I am confused by this discussion and wonder if two different issues
are being discussed here.
The uncertainty principle, it seems to me, is what should be
order to determine whether a study should be undertaken at all. Do
if drug A is definitely better than placebo? If we don't know the
that, then and only then, is a study ethical.
Firstly Jeanne seems to be talking about the determination of
whether a trial protocol is ethical or not. This is governed by the ethical
principle of equipoise, or level of collective uncertainty about the
efficacy/effectiveness of a treatment.
However, once we determine
that we are uncertain and a study is ethical - to allow clinicians
patients from randomization still seems to be risky to me and I
that undermining the study's genuine randomness.
Secondly are not random selection and random allocation being
confused here? The example Jeanne initially used seemed to involve selection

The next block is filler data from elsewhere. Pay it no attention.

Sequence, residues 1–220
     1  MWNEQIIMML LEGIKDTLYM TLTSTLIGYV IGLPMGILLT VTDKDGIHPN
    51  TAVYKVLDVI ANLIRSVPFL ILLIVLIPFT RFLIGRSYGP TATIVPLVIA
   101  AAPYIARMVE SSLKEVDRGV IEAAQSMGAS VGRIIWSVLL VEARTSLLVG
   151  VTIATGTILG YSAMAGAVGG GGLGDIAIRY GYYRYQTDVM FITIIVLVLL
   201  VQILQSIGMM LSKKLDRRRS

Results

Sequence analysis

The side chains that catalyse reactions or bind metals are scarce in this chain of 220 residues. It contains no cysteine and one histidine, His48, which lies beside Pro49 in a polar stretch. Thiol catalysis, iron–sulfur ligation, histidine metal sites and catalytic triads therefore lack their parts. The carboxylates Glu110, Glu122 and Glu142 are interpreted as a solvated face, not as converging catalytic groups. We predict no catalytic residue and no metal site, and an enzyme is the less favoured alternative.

prior to randomisation. I interpret the issue Jeanne is concerned about is
the influence inclusion/exlusion criteria may have on the trial's
generalizability, and this seems to get at the substantive ethics of RCTs
i.e. whether this trial design is addressing a societally desired/needed
issue. The application of inclusion/exclusion criteria gets to the heart of
the purpose of the trial - whether it is explanatory or pragmatic; if
explanatory then stricter inclusion criteria may be appropriate, but it may
be argued that a pragmatic design (i.e. one that is more open in its
inclusion criteria) is what is needed.
But as I say I may be the confused one.
Clinical Nurse Consultant
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